It really doesn’t matter how I see sexual sin; it’s how God sees it that matters. First Corinthians 6:18 says, “Flee from sexual immorality. Every other sin a person commits is outside the body, but the sexually immoral person sins against his own body.”

In death, it won’t be the presence of certain sins that damns us, but the absence of faith in Christ alone for the forgiveness of all our sins. Sin is sin when it comes to separating us from God. And it’s possible to idolize food: to make it primary and more important to you than God. But the consequences of certain sins are far graver than others in this life and the next. Jesus said certain sins would warrant greater punishment in the next life (Luke 12:47-48, Hebrews 10:29, Revelation 20:12-13).

In answering the question “Are All Sins Equal Before God?” John Piper helpfully explains how some sins are “worse in their effect” by saying, “Not everybody is hurt in the same way by every sin.” Pornography damages human relationships in countless ways that too much chocolate does not.

4. You and Steve seem to really like each other and get along well. What are three things you get right as a couple (with a brief explanation)?

Steve helped me with this one, hence the bonus point.

  • We keep short accounts — We’re quick to repent when we sin against each other, quick to forgive and never let the sun go down on our anger.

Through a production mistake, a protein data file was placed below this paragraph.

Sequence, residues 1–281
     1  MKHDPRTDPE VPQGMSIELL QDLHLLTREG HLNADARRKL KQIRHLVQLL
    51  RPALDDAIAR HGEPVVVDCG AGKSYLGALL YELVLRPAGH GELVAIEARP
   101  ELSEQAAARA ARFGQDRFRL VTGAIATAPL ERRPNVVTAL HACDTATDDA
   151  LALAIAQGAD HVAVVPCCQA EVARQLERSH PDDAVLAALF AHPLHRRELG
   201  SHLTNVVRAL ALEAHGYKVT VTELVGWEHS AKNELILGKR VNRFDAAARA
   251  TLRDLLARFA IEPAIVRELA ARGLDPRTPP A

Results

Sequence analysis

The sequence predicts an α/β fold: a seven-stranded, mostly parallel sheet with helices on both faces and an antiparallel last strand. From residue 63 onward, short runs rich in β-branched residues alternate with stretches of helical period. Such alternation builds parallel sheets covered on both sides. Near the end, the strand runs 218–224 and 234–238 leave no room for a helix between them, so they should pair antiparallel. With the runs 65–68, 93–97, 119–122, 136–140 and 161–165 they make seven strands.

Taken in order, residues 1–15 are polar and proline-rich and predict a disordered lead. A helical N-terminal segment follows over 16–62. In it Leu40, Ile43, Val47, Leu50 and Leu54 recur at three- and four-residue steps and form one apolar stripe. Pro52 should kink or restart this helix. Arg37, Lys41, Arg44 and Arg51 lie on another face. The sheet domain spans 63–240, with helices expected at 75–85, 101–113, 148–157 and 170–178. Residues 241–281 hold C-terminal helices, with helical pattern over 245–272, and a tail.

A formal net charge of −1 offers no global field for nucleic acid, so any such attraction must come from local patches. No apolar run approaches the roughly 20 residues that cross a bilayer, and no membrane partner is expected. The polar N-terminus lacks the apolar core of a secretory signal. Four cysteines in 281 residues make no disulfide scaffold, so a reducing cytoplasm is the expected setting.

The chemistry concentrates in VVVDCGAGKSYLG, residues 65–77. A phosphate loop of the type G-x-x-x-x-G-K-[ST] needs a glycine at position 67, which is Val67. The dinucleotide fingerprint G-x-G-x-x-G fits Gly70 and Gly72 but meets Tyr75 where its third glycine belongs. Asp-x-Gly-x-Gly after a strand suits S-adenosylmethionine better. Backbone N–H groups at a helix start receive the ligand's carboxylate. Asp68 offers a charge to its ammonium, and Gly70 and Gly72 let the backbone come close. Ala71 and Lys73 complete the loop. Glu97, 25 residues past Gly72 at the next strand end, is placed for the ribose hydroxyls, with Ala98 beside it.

• We fast and pray together — We pray together twice daily, in the morning after our individual prayer and study time, and again at night before we go to sleep. We try to fast one day a week in order to focus our prayer more.
  • We cultivate oneness — This includes physical intimacy, but so much more. We’re committed to living out the Ephesians 5 commands: Steve to loving and sacrificial leadership and me to joyful submission and help. This goes a long way toward building unity in our marriage. Also, in our annual planning time we set priorities for the year ahead, and we revisit that plan quarterly and weekly to make sure our schedules know we’re married.
  • We treasure our friendship — We were friends before we started dating, and it’s our enjoyment of similar things, our shared mission, and our delight in who God made the other to be that forms the foundation for our romantic love. We love doing life together.

5. When we were on the Q&A panel together, I was blown away by how the Scriptures just flowed out of you naturally. How much time do you spend reading the Bible each week?